Sometimes it is necessary to go back to the beginning. Who decided that less than 1,000 cubic meters a year equals a water scarce country? On what basis? It all sounds very political to me, as in calling oneself water scarce makes it easier to get certain grants and concessions. What are the real water needs per person in Barbados, meaning how may cubic feet per year do Barbadians want to use in order to not feel like pioneers or third world refugees? How much water in Barbados is recycled? If you live above the source of water for the used aquifers, all the water that goes into your sewerage well is by default recycled. Was that recyling factored into the figures for Barbados? It is estimated that something more or less close to 50% of water pumped by WA does not reach a meter. Some is lost to standpipes (but that could be calculated by metering a statistically significant number of standpipes just to calculate how much is lost there) but most is lost in leaks. One quick way to significantly increase available water is to repair leaks. If the leak happens to be above the level of the used aquifer, even the leaked water is recycled. Is the water from the various sewerage treatment plants sent back up the hill to be used as irrigation water for agriculture in areas above the used aquifers and hence recycled? Another quick way to increase water supply. While water from rain is finite, but varying, it is often not necessary to consider high expense, high tech solutions. First, recalculate to determine if the figures used actually make sense. Second, recalculate to take into account very real recycling that is currently on-going. Third, repair existing infrastructure. Fourth, increase recycling at every opportunity. Fifth, stop having so many children who will put additional strain on the resource. Sixth, only when all of the above have failed should we consider high expense, high tech solutions.

  18. John

    In a 1 in 15 drought year, the available water resources is 156,227 cubic metres per day.

    For an average rainfall year, 60 inches, this quantity becomes 249,046 cubic metres.

    Source available on internet and listed below.

    It seems sensible/responsible to plan for the extreme case and not put a load on the supply which it is well known it cannot bear.

    Assuming a population of 270,000 in Barbados that means that there is 0.58 cubic metres per day available per person in the extreme drought year.

    This translates to 0.58 x 365 = 211 cubic metres per year in that 1 in 15 drought year.

    The report also states that “According to current information from the Barbados Water Authority (BWA), the total abstractions in 1999
    and 2000 (from 21 public water supply wells and 2 spring sources) fell down to 140,909 m3/day (31MGD) from a 1996 and 1997 high of 159,091 m3/day (35 MGD).”


    Table 1 – Breakdown of Available Water Resources

    Report on
    Integrating Management of Watersheds
    and Coastal Areas in Small Island Developing States of the
    The Barbados National Report
    Leo Brewster ( MSc)
    Deputy Director
    Coastal Zone Management Unit
    Ministry of Environment, Energy & Natural Resources
    John B. Mwansa (PhD)
    Manager of Engineering (ag)
    Barbados Water Authority
    September 2000
    Revised August 2001

  19. Kammie

    John,this is useful information do contact me via my email caanew@hotmail.com. I share this information with the Public so do contact me.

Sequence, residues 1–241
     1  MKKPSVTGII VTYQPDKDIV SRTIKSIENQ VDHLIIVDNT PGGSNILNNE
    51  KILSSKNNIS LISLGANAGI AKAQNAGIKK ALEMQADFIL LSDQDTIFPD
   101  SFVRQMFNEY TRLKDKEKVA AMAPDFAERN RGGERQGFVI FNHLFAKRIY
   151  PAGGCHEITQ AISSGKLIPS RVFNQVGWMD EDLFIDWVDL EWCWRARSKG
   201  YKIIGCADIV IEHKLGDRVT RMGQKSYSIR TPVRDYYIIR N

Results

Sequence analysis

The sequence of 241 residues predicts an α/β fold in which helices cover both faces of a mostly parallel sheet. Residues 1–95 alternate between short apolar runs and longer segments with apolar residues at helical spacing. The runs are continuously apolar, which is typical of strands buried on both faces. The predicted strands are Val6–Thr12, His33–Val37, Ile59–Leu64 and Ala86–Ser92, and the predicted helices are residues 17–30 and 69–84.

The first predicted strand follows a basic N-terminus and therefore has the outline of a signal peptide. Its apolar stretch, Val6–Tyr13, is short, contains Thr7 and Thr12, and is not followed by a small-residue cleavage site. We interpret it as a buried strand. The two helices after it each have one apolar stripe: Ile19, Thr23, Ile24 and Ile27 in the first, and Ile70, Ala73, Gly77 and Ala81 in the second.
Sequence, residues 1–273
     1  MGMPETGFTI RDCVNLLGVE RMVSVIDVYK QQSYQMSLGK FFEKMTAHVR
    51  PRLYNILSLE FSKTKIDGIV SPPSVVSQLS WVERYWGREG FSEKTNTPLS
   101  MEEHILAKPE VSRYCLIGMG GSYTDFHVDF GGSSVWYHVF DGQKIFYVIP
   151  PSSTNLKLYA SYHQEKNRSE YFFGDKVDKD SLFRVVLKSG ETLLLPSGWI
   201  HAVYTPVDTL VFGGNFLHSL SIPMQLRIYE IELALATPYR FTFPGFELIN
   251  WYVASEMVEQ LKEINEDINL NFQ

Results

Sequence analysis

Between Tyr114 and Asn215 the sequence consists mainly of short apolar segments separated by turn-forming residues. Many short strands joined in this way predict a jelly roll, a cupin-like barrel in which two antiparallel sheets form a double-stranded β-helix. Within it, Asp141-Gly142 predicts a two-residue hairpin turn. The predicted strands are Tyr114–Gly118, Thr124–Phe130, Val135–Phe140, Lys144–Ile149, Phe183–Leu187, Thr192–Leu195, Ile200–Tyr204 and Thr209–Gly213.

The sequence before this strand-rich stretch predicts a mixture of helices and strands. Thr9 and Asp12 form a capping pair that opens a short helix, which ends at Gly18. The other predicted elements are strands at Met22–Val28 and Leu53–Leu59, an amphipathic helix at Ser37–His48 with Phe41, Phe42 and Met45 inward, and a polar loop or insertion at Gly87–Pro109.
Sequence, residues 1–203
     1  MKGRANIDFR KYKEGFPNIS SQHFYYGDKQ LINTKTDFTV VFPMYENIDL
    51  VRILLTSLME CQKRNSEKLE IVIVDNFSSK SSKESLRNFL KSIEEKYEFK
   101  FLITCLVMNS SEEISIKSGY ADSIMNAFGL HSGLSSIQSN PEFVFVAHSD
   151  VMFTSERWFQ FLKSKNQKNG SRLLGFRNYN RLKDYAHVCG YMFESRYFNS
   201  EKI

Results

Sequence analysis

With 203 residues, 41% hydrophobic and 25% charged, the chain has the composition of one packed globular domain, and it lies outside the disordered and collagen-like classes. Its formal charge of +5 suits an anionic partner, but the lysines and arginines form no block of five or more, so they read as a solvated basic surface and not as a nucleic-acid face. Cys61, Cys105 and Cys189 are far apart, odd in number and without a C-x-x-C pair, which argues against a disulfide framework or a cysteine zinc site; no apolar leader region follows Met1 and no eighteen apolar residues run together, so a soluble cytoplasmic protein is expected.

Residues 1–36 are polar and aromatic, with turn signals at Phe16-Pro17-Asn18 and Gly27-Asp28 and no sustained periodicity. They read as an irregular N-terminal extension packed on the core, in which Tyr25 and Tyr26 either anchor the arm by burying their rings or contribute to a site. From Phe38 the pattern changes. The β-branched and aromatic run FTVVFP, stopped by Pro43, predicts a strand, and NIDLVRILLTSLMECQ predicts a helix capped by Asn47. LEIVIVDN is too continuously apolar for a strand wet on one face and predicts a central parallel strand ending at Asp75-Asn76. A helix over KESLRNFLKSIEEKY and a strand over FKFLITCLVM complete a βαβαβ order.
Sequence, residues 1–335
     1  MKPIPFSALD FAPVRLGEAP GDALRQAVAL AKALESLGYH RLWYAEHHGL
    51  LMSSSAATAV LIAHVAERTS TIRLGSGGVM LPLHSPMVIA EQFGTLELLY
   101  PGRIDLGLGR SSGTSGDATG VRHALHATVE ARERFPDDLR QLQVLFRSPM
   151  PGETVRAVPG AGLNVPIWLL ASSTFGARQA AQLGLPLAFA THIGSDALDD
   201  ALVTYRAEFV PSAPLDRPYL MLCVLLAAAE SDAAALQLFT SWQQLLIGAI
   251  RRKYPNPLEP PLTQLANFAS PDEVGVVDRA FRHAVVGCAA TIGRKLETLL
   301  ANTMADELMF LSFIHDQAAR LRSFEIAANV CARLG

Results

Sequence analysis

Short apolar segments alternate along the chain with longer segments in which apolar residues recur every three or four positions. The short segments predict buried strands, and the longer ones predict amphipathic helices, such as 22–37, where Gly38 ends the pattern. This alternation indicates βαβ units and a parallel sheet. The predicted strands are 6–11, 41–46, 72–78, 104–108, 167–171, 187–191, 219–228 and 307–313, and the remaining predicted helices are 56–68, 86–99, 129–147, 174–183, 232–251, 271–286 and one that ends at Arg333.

20. bp

    Barbados’ 166 square miles is about 100000 acres. With a population of 270000, this works out to .37 acres per person. An inch of rainfall on an acre works out to about 102 cubic metres. Using 60 inches per year, this comes to 2270 cubic metres per person per year.

  21. Crusty

    John says:

    It seems kind of dumb …..

    ….. shortsighted perhaps is the more politically correct word …..

    …. to pollute the 6 million gallons of rain water in the first place …..

    True but how are you going to stop your car from
    leaving bits of rubber tyre on the road to be washed
    into the gullies? Or stop other distributed waste
    generation processes – like toilet suck wells.

    The solution to pollution is dilution – as told to me
    by an industrial chemist many years ago. Trouble
    is that it becomes expensive to reconcentrate.

  22. Dennis Jones (aka Living in Barbados)

    Can anyone explain why Barbados was so forward looking in making it almost mandatory for houses and buildings to use solar power but did not see the need to make water harvesting a must?

  23. John

    March 4, 2010 at 4:42 am
    Barbados’ 166 square miles is about 100000 acres. With a population of 270000, this works out to .37 acres per person. An inch of rainfall on an acre works out to about 102 cubic metres. Using 60 inches per year, this comes to 2270 cubic metres per person per year.


    …. you need to allow for losses due to evapotranspiration, ~80% and runoff, ~ 10% …

    …. check Senn 1946 in Public Library.

    Also, not all the land of Barbados serves as catchment for the supply wells, just what is upstream.

  24. John

    ……. also, 1/7th of Barbados, The Scotland District, is largely unused for water supply.

    Greenland is another example of shortsightedness …..

    …. being politically correct this morning.

  25. Kammie

    Today is the 8th of March and still no word from Barbados Water Authority on water conservation. Heads need to roll under a Green Party, Dr Denis Lowe would have be kicked out long time ago.

  26. What happen to your Nation column?

  27. BFP

    Ian, George left me something about HEAT using one of your photos without attribution and after you called them about it, they never publicly apologized or gave you credit. They let the whole thing drop. Is this true?


  28. Yeah, I called and said if they do it again, just list my link – not my name or the name of the blog – my URL! But they never used a next photo from me, strangely enough it was about Graeme Hall…